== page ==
2017 Nissan Leaf
2017 Nissan Leaf pricingin Ashburn, VA
Which Leaf does Edmunds recommend?
Edmunds' Expert Review
Overall rating3.5 / 5
The first of the real battery electric vehicles on the market, the Nissan Leaf stands as the default electric car for the everyday buyer. And as the market for electric cars increases (the new Chevrolet Bolt and the forthcoming Tesla Model 3, for example), the Leaf's days, as it sits, are numbered. In order to keep Leaf sales moving, the 2017 Leaf S receives the same 30-kWh lithium-ion battery as the SV and SL variants. This increases its range from 84 to 107 miles, a welcomed boost. Otherwise the chassis, suspension, interior and exterior remain the same. But we're not complaining since the five-seater hatchback is roomy and functional and, most importantly, easy to use.
If you can wait, an all-new Leaf is destined to drop from the Nissan tree and address many of the concerns we've had about the Leaf, such as a modern interior layout, a new look, better performance and, most importantly, even more range. But if all you need is easy-to-use, affordable and gasoline-free transportation, the 2017 Leaf is still worth a look.
Trim levels & features
As the lowest trim level, the 2017 Nissan Leaf S is a bit bare-bones, at least as electric mobility goes. But you can add the the optional Charge package for quicker recharging. Otherwise, it's still a very functional car. The SV adds the Charge package and navigation as standard, but it still doesn't beat the S in the value proposition. The top-level SL adds leather seats, LED headlights and a host of comfort features that might edge out the S if you'd like a pampered electrified ride.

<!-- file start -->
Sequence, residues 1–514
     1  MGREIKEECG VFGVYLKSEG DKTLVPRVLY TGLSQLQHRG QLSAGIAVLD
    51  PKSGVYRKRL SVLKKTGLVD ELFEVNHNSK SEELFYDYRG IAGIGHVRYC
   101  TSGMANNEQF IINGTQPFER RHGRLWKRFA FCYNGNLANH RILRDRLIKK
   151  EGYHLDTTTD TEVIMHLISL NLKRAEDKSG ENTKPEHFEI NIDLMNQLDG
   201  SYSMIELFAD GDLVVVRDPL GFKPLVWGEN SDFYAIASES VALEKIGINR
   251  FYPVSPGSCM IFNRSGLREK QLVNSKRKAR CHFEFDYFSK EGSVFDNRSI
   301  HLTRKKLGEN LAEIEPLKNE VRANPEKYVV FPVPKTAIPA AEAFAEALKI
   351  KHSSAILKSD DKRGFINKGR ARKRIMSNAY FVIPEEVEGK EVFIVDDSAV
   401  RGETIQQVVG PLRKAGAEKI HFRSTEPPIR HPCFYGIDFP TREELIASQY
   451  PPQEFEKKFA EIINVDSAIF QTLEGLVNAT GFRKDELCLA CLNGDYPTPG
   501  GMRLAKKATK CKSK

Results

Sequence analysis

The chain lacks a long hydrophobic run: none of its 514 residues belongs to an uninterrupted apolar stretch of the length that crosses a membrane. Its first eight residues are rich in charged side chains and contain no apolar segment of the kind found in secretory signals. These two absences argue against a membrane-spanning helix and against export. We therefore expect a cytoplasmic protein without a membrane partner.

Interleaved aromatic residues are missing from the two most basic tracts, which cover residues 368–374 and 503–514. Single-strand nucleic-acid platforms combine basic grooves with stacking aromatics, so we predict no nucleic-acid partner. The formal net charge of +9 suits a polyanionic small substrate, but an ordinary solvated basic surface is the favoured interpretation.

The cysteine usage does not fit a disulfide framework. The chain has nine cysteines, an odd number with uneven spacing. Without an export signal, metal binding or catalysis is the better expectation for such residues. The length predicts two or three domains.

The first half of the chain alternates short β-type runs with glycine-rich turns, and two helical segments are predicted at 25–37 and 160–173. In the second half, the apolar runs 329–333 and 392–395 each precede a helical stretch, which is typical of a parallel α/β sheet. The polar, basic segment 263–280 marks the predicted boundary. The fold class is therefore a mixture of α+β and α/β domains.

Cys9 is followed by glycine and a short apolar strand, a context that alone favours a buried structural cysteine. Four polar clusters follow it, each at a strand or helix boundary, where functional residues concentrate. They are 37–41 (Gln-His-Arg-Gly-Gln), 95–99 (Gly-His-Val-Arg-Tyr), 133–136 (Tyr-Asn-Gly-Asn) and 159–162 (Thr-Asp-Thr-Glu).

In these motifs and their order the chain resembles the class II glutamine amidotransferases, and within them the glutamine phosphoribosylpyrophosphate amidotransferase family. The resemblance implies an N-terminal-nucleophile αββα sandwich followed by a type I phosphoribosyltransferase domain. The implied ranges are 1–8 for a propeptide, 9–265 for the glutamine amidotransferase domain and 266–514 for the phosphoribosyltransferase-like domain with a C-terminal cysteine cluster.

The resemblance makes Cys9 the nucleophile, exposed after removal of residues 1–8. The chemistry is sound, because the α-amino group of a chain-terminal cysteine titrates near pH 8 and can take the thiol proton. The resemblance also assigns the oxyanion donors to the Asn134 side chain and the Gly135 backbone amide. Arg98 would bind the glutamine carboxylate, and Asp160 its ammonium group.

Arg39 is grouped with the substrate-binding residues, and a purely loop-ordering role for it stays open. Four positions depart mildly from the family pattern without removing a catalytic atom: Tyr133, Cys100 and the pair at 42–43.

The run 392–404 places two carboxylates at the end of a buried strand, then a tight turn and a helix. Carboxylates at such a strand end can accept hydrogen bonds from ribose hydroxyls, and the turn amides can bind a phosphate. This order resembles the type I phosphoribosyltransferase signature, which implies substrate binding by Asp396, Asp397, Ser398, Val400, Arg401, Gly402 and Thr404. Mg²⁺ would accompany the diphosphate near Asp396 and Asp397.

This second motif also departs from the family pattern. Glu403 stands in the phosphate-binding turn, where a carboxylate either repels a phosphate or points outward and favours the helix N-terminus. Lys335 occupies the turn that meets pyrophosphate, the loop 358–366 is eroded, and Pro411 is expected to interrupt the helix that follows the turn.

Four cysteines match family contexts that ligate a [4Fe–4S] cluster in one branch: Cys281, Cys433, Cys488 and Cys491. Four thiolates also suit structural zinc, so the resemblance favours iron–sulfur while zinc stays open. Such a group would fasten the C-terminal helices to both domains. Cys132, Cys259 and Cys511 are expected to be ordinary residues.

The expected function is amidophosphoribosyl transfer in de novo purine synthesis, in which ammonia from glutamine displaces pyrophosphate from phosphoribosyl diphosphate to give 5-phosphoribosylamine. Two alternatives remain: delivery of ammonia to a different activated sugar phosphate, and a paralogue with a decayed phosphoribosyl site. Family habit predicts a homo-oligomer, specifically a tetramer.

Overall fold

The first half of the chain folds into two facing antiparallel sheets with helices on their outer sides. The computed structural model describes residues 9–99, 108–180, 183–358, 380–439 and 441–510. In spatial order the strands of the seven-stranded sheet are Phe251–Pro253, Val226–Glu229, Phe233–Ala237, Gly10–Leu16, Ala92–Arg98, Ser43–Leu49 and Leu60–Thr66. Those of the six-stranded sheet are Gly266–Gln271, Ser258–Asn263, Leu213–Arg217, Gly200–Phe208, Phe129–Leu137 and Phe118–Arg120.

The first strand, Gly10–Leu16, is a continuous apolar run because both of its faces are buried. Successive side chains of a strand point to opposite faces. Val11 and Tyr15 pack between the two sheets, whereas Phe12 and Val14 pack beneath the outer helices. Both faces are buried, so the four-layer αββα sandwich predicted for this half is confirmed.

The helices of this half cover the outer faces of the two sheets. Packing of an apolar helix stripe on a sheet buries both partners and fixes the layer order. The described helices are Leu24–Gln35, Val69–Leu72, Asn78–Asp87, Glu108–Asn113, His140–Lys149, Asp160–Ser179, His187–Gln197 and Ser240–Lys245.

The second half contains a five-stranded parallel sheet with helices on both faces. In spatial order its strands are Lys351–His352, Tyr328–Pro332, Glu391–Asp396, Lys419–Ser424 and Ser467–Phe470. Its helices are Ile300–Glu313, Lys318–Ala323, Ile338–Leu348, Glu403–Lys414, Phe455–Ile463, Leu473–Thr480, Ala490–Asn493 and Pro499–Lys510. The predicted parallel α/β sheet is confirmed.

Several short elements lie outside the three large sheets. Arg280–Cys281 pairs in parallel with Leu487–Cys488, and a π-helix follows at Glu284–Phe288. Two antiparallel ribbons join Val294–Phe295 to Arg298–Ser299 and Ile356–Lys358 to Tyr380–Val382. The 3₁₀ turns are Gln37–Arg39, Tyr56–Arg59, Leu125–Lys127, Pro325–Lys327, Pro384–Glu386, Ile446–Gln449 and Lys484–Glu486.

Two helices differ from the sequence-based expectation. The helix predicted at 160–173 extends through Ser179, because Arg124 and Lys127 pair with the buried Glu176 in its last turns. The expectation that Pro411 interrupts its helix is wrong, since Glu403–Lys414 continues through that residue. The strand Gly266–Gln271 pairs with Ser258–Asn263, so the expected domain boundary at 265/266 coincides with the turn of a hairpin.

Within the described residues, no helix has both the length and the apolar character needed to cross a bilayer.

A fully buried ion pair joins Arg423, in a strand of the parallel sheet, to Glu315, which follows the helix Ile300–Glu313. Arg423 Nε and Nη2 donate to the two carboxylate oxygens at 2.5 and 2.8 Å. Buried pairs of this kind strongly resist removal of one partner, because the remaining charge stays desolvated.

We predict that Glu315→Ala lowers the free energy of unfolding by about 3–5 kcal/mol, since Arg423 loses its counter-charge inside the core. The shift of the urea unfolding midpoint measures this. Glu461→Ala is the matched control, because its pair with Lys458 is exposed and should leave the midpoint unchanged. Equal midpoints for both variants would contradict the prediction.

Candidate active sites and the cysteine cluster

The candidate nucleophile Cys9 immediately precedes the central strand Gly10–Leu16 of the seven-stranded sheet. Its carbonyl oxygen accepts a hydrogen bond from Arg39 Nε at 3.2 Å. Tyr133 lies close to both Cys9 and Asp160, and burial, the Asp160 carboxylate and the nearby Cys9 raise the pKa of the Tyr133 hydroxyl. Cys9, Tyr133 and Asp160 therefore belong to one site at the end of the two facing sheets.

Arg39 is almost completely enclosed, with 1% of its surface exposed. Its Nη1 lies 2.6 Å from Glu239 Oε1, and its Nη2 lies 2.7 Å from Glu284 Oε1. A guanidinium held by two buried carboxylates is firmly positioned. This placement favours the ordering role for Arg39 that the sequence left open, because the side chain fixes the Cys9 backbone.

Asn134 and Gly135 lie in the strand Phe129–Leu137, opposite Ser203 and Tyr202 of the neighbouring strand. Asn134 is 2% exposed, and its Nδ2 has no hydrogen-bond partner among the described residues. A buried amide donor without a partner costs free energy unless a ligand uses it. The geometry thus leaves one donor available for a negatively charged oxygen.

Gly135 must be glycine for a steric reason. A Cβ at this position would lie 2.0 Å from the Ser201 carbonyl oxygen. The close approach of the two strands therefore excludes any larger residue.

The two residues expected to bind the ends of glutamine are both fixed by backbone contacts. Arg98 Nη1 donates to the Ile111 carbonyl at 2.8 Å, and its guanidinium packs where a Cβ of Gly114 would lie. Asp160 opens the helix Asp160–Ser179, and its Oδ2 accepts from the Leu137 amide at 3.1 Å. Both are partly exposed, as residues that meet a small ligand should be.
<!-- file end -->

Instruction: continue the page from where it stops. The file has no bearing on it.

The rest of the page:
Nevertheless, all three feature the same suspension and powertrain, and mainly differ in infotainment, interior materials and wheel choices. Our choice, the S, comes with steel wheels, an 80-kW AC synchronous motor (produces 107 horsepower and 187 lb-ft of torque), front heated seats and a 60/40-split folding rear seat. You also get a rearview camera, a 5-inch central display, Bluetooth connectivity, and a USB port for streaming audio and charging your smartphone.
The optional Charge package includes the quicker 6.6-kW onboard charger and extra DC fast-charger port.
The SV comes with alloy wheels, the Charge package, a 7-inch touchscreen, navigation and NissanConnect, Nissan's web-connectivity system. The seats are still fabric, but rather than cloth, they're made out of a sustainably sourced, suede-like polyethylene terephthalate (PET).
As the top model, the SL adds LED headlights, foglights, heated rear seats (heated front seats are standard for all trims) and leather upholstery.
The SV and SL can be had with a Premium package, which includes a Bose audio system and a 360-degree camera system.
Each vehicle typically comes in multiple versions that are fundamentally similar. The ratings in this review are based on our full test of the 2015 Nissan Leaf SL (electric | direct drive).
NOTE: Since this test was conducted, the current Leaf has received some revisions, including the addition of the 30-kWh lithium-ion battery. But our findings remain broadly applicable to this year's Leaf.
Noise & vibration5
Ease of use1